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Rooting for People in Recovery

March 29, 2021

How do we show up and root for people in recovery?

Addiction is lonely. By some, it’s seen as an “illness of choice.”  Empathy for a loved one in recovery may be difficult to find. Yet, addiction isn’t so simple. Behind addiction, other mental health issues exist. There’s overwhelming depression, debilitating anxiety.

Shawn, an addiction counselor at Foundations, talked about what it’s like to be a cheerleader for a client in recovery. He tells stories of recovery with enthusiasm for the hard work that his clients are doing. He coined the phrase “rooting for my clients” as he works for their recovery. Shawn sees a lot of clients in recovery who are struggling with underlying trauma, including negative childhood events, sex trafficking, and other abuse.

COVID has impacted the recovery community, too. Recovery support meetings were cancelled or shifted to virtual only options. A sense of community is important for people recovery, so the lack of connection has had a profound impact. The good news is that, after a year, more in-person recovery meetings are happening. Pandemic or not, an important point for our community to know is that people in recovery need community, connection, and support.

When Shawn talks confidentially about a client’s story, the story isn’t easy to hear. A client typically shows up at Shawn’s office (or, during the pandemic, on Shawn’s private Zoom connection) surrounded and consumed by pain. Pain they’ve endured and caused. They have experienced so much loss. Loss of family, friends, job, home, and other resources. There is hope, though. Any client working with Shawn or our other addiction counselors is on the cusp of a spiritual recovery.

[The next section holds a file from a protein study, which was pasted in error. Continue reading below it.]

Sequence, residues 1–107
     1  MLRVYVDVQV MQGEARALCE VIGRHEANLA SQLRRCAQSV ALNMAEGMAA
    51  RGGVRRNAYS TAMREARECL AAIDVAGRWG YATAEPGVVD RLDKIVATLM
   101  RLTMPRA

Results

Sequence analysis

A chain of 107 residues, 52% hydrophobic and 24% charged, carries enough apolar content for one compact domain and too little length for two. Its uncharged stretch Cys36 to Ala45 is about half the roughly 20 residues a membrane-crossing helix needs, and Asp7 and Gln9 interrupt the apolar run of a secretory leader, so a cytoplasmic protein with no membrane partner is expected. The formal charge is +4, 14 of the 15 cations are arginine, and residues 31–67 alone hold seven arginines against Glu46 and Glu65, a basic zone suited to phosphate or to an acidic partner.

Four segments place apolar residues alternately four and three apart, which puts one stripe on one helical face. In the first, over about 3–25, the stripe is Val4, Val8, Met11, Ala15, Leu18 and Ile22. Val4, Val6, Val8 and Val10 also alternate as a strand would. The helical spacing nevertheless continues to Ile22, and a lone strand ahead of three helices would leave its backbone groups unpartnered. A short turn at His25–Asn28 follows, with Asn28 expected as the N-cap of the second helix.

Shawn’s compassionate cheerleading is what makes him an ideal addiction counselor. He sees people at their most vulnerable and stripped down. He uses his 30+ years of experience, gentle therapeutic nature, and love for community to help adults recover from their addictions. In Shawn’s own words,

I believe people need a safe place where they can talk about their feelings and issues. In this environment, they can work toward their goals without fear of being judged and can allow themselves to be vulnerable. I think people need to feel significant and want to be heard and understood, which counseling provides.

Shawn knows that with creating strong and positive relationships, and putting the work to recovery, anyone can have positive change, a feeling that they matter, and freedom from addiction.

If someone you love is in recovery, you can root for them, too.

  • Get Educated: Addiction is complex. It’s tough for family and friends to understand what causes, and doesn’t cause, addiction. There’s power in knowledge. The right information will help friends and family understand the best way to help. Visit our resources page HERE to start learning.
  • Seek Your Own Help: Supporting a loved one in recovery is tough. Being a loved one of a person in recovery may require to seek your own healing for the emotional toil that addiction has had on your own life.
  • Be Present: After you learn more and find your own supportive networks, you’ll be better equipped to support your loved one through their recovery. Connection and community are essential ingredients to recovery. Your loved ones can recover and thrive with your support.

Shawn and our other addiction counselors are eager to help clients see positive changes in their lives. If you or a loved one is struggling with addiction, please reach out to our compassionate client engagement team at 920-437-8256.

Categorized in: Addiction, COVID-19, General, Healing, Mental Health, Recovery

This post was written by Foundations

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